328

MAYNARD SOLOMON Schubert's "Unfinished" Symphony

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score sketch unseats B minor as a tonic, revealing a kind of dominant that, in RichardKramer's formulation, "simultaneously makes explicit and heals the connection between the movements."59 Perhaps this idea was not subtle enough to convey Schubert's drive to establish a coherent linkage between these movements; or he may have preferred not to settle for a premature or preemptive resolution of the Symphony's long-rangeinstability; or, perhaps, the arrival of B major-and the potential for a permanent displacement of B minor-had already been sufficiently established at the climax of the recapitulation (mm. 303-21). Whatever the reasons, the intended shift to the major mode at the close was canceled, and the scored movement ended swiftly with contending claims to displace the precarioushegemony of B minor still fully in play. The "arrival"in E major discloses and endorses a narrative structure that had originated with an uncanny twisting melody in the depths of the orchestra and now has found its way into the light. The listener retrospectively feels the sensation of release that comes with the resolution of so momentous an instability. In the main, it seems fair to say, the Symphony has been stamped as an unconsummated work because it doesn't have a conventional Classical era ending, such as those in which Haydn expressed an Olympian, mirthful cel59Personal communication.

ebration of the ways of God and man, or those rondos in which Mozart rejoiced in the emergence from the reflectivity and inwardness he had plumbed in his Andantes and Adagios, or those representations of resolute, irresistible motion toward an exalted goal whose archetypal example is the finale of the "Jupiter" Symphony. And especially it is not like Beethoven's powerful, overwhelmingly insistent affirmations in some famous works of his middle years, which are called the exemplars of his "heroic" style because they seem to embody his attempt to translate into music ideas and narrativesof suffering, struggle, resistance, and victory. It may be that Schubert's "Unfinished" Symphony unpremeditatedly lays bare the exhaustion-or even the possible irrelevance-of the traditionalfour-movement symphonic layout for him and others of his generation. The affirmative, heaven-storming finale, which reached its most characteristic formulations in the instrumental music of Beethoven's middle period, seems to have taken on an arbitrary character, lost its internal conviction. Against the backdropof an uneasy existence in the post-Napoleonic age, it became increasingly difficult for a Viennese Romantic dissident to bear witness to great social undertakings; the outermost limits of affirmation seemed to reside in the survival of individual conscience and refined sensibility. Beethoven's own failure to pursue another symphony to completion for more than a decade after 1812 perhaps implies that he himself had no clear idea of how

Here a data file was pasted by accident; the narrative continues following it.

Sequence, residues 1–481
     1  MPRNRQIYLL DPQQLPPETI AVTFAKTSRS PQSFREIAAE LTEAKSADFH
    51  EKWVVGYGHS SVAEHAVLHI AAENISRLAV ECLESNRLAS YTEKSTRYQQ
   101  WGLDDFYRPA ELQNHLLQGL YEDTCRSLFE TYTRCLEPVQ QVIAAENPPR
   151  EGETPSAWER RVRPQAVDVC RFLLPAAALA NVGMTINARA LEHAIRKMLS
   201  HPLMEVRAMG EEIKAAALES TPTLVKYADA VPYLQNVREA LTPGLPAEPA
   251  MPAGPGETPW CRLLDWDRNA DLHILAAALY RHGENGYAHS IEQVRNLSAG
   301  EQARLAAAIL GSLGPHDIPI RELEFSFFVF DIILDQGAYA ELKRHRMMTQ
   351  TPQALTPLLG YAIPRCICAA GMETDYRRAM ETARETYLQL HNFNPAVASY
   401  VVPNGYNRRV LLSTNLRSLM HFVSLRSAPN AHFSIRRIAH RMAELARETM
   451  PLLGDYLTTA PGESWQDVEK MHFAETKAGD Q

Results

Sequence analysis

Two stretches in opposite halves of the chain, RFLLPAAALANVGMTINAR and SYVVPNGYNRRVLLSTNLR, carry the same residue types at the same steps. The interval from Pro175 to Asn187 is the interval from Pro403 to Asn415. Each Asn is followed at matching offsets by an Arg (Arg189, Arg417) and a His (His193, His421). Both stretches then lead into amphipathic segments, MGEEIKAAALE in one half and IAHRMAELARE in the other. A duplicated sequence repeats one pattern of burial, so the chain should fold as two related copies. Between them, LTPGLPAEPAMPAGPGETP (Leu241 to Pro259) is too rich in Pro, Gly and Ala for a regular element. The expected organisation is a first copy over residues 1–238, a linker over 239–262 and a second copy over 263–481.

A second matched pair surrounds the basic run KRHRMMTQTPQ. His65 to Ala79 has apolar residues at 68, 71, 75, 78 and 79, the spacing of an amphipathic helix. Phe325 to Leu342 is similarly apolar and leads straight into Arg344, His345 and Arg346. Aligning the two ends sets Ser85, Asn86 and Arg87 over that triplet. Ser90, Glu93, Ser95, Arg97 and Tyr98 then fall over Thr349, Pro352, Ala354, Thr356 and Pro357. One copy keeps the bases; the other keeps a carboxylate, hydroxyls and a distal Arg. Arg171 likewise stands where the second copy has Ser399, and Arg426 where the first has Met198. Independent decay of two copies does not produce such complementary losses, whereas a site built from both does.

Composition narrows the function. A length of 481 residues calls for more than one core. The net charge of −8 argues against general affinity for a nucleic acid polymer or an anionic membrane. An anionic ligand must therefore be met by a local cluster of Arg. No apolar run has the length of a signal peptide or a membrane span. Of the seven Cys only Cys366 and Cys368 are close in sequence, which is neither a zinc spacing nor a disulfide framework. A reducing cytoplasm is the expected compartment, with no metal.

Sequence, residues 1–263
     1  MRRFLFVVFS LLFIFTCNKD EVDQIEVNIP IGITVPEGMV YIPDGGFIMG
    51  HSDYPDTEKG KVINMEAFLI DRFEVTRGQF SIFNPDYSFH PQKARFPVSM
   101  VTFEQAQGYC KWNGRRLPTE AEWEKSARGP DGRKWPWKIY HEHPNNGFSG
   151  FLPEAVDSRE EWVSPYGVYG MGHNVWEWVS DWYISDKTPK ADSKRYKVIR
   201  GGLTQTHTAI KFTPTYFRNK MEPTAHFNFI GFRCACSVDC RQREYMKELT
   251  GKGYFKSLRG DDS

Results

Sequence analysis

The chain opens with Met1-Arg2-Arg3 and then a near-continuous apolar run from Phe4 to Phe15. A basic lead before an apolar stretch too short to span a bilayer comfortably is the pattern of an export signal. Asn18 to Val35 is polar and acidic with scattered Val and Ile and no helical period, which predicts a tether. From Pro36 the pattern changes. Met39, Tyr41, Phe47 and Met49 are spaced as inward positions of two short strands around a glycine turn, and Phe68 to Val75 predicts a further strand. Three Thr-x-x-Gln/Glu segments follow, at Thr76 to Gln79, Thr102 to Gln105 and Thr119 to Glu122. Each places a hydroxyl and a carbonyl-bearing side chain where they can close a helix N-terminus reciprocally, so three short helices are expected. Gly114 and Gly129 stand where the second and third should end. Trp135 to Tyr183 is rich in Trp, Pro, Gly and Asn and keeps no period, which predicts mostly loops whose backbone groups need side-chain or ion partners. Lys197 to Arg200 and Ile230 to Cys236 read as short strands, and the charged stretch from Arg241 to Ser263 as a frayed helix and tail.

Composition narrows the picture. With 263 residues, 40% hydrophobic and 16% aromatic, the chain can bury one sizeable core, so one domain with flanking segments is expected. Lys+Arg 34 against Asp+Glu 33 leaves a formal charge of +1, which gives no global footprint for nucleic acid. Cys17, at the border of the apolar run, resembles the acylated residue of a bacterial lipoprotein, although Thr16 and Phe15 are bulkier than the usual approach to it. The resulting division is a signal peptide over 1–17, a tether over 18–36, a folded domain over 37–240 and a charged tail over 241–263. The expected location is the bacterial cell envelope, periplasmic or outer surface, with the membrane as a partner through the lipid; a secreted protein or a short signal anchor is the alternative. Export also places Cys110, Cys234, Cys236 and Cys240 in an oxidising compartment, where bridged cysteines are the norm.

131

19TH

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to extend the tradition; and his Ode to Joy may be evidence of his conclusion that a radical turn was necessary, including a conversion of the Classical model into mythopoesis and Gesamtkunstwerk. But Beethoven's late quartets and Schubert's late chamber music and CMajor Symphony also show that neither composer was ready to dispense with the affirmative finale, and that there was no shortage of imaginative ideas for conclusions, arrivals, and
132

every variety of leave-takings, even within the confines of the Classical layout. The miscarriage of Schubert's scherzo may have given him an unanticipated and unplanned opening toward a unique conception of the Symphony, one that condensed the array of contrasting affects usually found in a full symphonic cycle into the span of two lengthy movements. The most striking example of this is in the Andante con moto, which erupts into mo-

ments of triumphant exaltation like those usually associated with the Beethovenian symphonic finale (ex. 2).60

The "Unfinished"Symphony therebyappears to place on the agenda a potential reconfiguration in symphonic structures of the expected order of aesthetic events. The affects of inwardness, contemplation, meditation, and loss associated with Andante movements retain their centrality, as do touches of pastoral and aristocratic nostalgia usually located in minuets or scherzos. Farfrom omitting ideas of conflict and transcendence, however, Schubert has retained them in all their fury, but summoned them to materialize in an unexpected temporal sequence, functioning as transitional stages rather than as imperative emblems of permanent achievement. We know that art's affirmative endings, in their infinite variety, and with their insistence

60Einsteinobserved that "Beethoven's mighty orchestral crescendi always culminate in correspondingly mighty outbursts. With Schubert these outbursts are shorter, as it were more dangerous, and the contrasts are sharper and more clear-cut. Beethoven is full of pathos; Schubert possessed of a daemon" (Einstein, Schubert,p. 203).

on the renewability of human experience, their faith in resurrection and salvation, represent singular images of hope or of possibility, rather than of the uncertain order of things in life, where tragic and transcendent moments succeed one anotherin no particularfixed sequence. Art is already a reconfiguration of the order of things, a rearrangementof life. In the "Unfinished" Symphony, Schubertrearrangesthe customary rearrangement,not ruling out resurrection but choosing for the time being to settle for Faust's "Tarry awhile, thou art so fair," rather than to insist on Fidelio's trumpet call. Or, perhaps,it may simply be that he elected to close a chapter rather than a book. Alternatives like these may now be set alongside-though they cannot displace-the traditional readings of the "Unfinished" Symphony. Our perception of the structure of the Symphony hinges on whether or not we choose to view it as a complete work. This does not signify that we are at an impasse, with its implication of limited possibilities. Rather, by a further exploration of what is assuredly an open question, we may eventually be able to broaden the perspectives within which Schubert's a^ Symphony-and his life-can be viewed. Na-W.

MAYNARD SOLOMON Schubert's "Unfinished" Symphony